Imagine a physical sculptural version of a dynamical system in 3d space or a complex particle simulation, the kind that appears as a floating gas vapour. Using a technique called 'chromastrobic light' Paul Friedlander conjures spectacular light sculptures that are the ultimate incarnation of the late 60's light-show aesthetic bought into the now. They also site nicely in the lineage of waveform art - everything from early artist experiments with oscilloscopes -- Laposky, Whitney, Bute et al to recent computational art concerning attractors, particles and Bezier acrobatics.
The work 'Dark Matter' appears as a 3 dimensional iridescent waveform, the result of chromastrobic light projected onto a rapidly spinning rope reflected off a Mylar mirror (flexible mirror surface). Because the rope spins at up to 600 rpm the human eye perceives a three dimensional multicoloured image. It doesn't stop there - spectators can interact with the piece via two high frequency sound beams which alter the speed of the rope's vibrations and the colour of the light.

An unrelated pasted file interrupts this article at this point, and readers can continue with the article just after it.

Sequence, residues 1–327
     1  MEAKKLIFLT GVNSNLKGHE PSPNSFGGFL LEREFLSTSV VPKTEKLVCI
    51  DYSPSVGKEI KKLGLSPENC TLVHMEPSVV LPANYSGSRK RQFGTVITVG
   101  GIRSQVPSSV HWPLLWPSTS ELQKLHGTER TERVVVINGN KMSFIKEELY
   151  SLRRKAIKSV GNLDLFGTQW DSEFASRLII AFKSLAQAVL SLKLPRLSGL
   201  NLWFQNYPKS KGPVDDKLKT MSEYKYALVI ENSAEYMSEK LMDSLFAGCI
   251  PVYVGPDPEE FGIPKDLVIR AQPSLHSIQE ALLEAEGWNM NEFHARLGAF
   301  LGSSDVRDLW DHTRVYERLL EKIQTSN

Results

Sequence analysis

Freidlander's most recent installation, Timeless Universe concerns itself with the alternative cosmological ideas of English physicist Julian Barbour. 10 different kinetic pieces are arranged in groups illuminated by projections showing images from 3 different computers all generating real-time animations that modify, modulate and transform the chosen subject matter.
Its comes as no surprise that Friedlander was an acolyte of the original psychedelic light shows scene the first time round - he built his first light sculptures while a physics student at the University of Sussex before graduating in 1972.